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Companies are tempting migrant workers to return to the cities with offers of a better work environment and higher wages. (PTI)
Companies are tempting migrant workers to return to the cities with offers of a better work environment and higher wages. (PTI)

Citing lack of jobs back home, migrants eye a return to cities

Despite increased funding, govt’s rural jobs programme can at best provide temporary reprieve for now

NEW DELHI : On the morning of 4 June, Sandip Singhroha embarked on an unusual journey. He, along with farmers from the agriculturally prosperous Karnal region of Haryana, boarded a bus to Bihar, accompanying a group of daily wagers who used to work at the local mandi or wholesale crop market.

Mandi operations had slowed down considerably because of the virus outbreak and the restrictions imposed by the state to contain its spread. The workers who would sort, grade, and load the produce were left with little work and wanted to go back to their villages in Bihar.

Singhroha and the group of farmers he was travelling with were worried about an acute labour shortage during the upcoming kharif planting season. Over the past week, Singhroha also received several distress calls from Sitamarhi in Bihar. “The labourers there had no work and wanted to come to Haryana to transplant paddy. They said they will die of hunger otherwise," he said.

So the enterprising group of farmers from Haryana made a plan. They hired a bus for 1,05,000 to drop the mandi workers to their village in Samastipur, Bihar, and travel back with the skilled paddy transplanters to Haryana.

The 2,600 km round trip on a bus hired by three Haryana farmers is indicative of the ongoing flux in India’s labour market. Over the past two months, millions made an arduous journey from cities where they worked on daily wages to their villages in states such as Bihar, Uttar Pradesh, West Bengal, and Jharkhand.

India has eased its lockdown rules and allowed sectors such as real estate to resume work. However, employers are now facing an acute shortage of labour. Companies are tempting migrant workers to return with offers of better work environment and higher wages, Mint reported on Monday. Real estate developers also plan to write to the central government requesting it to provide special trains to bring workers back.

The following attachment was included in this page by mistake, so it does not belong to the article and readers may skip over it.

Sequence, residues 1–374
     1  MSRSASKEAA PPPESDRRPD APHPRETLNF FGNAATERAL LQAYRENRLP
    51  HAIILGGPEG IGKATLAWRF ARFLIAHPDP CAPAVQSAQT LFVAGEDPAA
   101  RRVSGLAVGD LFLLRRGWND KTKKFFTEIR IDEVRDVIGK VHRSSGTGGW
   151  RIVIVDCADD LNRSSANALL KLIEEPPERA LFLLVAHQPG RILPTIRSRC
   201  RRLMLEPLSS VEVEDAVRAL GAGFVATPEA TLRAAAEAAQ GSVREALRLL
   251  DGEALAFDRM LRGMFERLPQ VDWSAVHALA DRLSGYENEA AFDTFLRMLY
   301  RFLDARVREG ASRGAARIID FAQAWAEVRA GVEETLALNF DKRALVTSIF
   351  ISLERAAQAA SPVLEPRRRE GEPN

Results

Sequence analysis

The problem migrants who have gone to their home states are facing is an acute shortage of work. The government has increased funding for MGNREGS to 1 trillion, the highest ever since its inception in 2006. However, this can at best be a temporary reprieve for the landless.

“With more rural families demanding work under the jobs scheme this year, a household is unlikely to get more than 50 days of work on average, despite the higher funding," said Rajendran Narayanan, assistant professor at the Azim Premji University, Bengaluru. At an average wage of 200 per day, this means a cash inflow of 10,000 per family, just enough to survive for a few months.

However, despite the hardship landless families are facing, they are unlikely to return to cities soon. Take for instance the case of 19-year-old Deepak who borrowed money and rode pillion on a bike to reach his village in Banda district in Uttar Pradesh, about 1,200 km from Surat, where he had worked at a textile factory. It has been a month Deepak reached his village but he did not find work for even a day.

“I have no option but to go back to Surat or Ahmedabad, but not before the lockdown is lifted. There is too much uncertainty now," he said.

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